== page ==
Last week, we randomly interviewed some of our parents at the West Little Rock pool to ask them how they define swimming and what their goals are for their children in swim lessons.
So, what do our parents have to say about what swimming is and what their goals for their children are in swim lessons?
"Being able to not drown in the water. I want my child to be comfortable in the water and to be able to swim if she finds herself in the water when an adult is not there." - Thea Noggle
"Swimming is not drowning. My goal for my kids is to learn how to get themselves out of the pool to safety if they happen to fall in and to be able to hold their own when they're in the water and swim and have fun." - Chad Hendrix
"The ability to not drown. For my child, there are two goals, one is to make sure she doesn't get in a predicament where she would drown, and then two, she enjoys swimming." - Ron Purkiss
"Swimming is being able to support yourself in the water and not drown. My kid is only a toddler, so my goal is, in case there was ever a horrible accident, that we have done everything we could to make the best out of that accident." - Sandie Leding
"Swimming is not drowning. The goal for our grandchild would be to be able to stay above the water until an adult gets to them, and be able to climb up on the edge, because if they can hold on until help comes, that's really important." - Shannon & Lawrence Donley
"For how young my daughter is, playing in the water is swimming. When she goes in the water, we want her to be able to float, and we want her to get used to the water and have a safe place to play." - Pei Wang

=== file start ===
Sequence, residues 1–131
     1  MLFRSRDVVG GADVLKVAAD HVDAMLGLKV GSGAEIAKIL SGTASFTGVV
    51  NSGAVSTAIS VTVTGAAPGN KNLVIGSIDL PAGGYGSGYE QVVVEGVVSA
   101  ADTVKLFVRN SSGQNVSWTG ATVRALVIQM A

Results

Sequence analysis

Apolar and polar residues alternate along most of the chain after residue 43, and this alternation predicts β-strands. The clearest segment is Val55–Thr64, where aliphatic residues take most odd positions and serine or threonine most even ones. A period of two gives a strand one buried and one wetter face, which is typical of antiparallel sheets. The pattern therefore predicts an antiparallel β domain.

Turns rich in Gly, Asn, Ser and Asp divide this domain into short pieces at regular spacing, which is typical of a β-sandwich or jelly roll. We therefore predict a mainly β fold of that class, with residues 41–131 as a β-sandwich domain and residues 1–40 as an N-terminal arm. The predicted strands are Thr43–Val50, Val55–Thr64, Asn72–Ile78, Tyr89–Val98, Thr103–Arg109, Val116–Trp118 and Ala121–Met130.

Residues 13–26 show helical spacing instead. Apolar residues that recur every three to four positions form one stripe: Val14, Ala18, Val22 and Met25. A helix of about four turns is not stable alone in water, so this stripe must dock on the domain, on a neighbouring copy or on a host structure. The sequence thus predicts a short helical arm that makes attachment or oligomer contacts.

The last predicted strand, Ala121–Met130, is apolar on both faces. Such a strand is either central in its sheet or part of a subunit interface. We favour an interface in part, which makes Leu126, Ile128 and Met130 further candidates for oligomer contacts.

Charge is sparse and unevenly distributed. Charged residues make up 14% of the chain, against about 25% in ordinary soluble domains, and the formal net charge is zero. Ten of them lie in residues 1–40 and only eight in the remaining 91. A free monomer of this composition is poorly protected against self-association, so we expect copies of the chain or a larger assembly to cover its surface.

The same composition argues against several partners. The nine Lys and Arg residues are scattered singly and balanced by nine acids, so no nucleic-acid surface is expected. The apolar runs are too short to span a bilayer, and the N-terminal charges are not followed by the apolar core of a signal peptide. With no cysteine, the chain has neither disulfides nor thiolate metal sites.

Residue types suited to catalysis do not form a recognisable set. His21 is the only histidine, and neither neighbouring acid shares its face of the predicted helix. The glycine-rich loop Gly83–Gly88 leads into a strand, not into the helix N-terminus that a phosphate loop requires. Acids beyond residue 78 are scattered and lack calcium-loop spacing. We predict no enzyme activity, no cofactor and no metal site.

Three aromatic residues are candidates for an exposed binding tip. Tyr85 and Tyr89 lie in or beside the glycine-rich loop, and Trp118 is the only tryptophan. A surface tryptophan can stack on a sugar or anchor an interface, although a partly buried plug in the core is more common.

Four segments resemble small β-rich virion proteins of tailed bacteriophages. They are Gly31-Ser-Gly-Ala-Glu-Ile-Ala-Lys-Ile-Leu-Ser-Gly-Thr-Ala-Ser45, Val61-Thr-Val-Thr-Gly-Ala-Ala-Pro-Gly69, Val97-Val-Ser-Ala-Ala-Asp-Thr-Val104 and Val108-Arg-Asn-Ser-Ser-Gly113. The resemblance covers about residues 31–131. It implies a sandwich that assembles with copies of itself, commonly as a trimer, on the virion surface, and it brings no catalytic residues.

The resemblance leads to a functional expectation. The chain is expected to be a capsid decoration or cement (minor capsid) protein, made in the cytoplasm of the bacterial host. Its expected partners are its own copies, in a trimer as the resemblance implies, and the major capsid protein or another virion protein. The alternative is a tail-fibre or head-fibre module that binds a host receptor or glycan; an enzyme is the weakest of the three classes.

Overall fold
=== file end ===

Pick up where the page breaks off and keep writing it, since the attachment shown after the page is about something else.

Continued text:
"I guess swimming is being in the water and moving around. My goals for my child are for her to not drown, know what is safe and unsafe, and what her abilities are, and be comfortable in the water so she doesn't freak out." - Lauren Daugherty
"Swimming is not sinking, but I would really define swimming as strokes, floating, even on the inner tube, being able to tread water and have forward motion in water. The goal for our daughter is not drowning. We are going on vacation in August, and the house has a pool right off the back door, so that really pushed us to taking swim lessons this year. We were going to wait until next year, but we decided this is the year to try it!" - Angela & John Cottrell
What do some of our coaches have to say about what swimming is and what goals parents should have for their children in swim lessons?
"Swimming is safety in the water. Goals for parents should include being safe and knowing how to survive." - Coach Anna
"To me, swimming is moving your body in a way that allows you to stay on top of the water. A good goal for parents for their kids in swim lessons is for them to be safe when they are in the water." - Coach Noah
And finally, what does our founder and head coach Coach Karen have to say about what swimming is and what goals parents should have for their children in swim lessons?
"To be considered a swimmer, one should be able to swim more than one stroke with the face in the water controlling the breath for a distance of at least 25 yards each. A swimmer should also have distinct survival skills which include the ability to move in any direction and on any plane in the water, including the ability to float on the back to breathe and call for help if needed. It’s also important to note that no one is drownproof, not even the best of swimmers. So we must always apply layers of prevention which include never swimming alone, constant and dedicated supervision, use of a life jacket in open water, barriers to water, and knowledge of CPR." - Coach Karen
An action so common as swimming can have so many different definitions! Whatever your definition is, you can be sure that your child will learn safety skills and how to be comfortable in the water before they start to learn to "swim" at Safety Before Skill!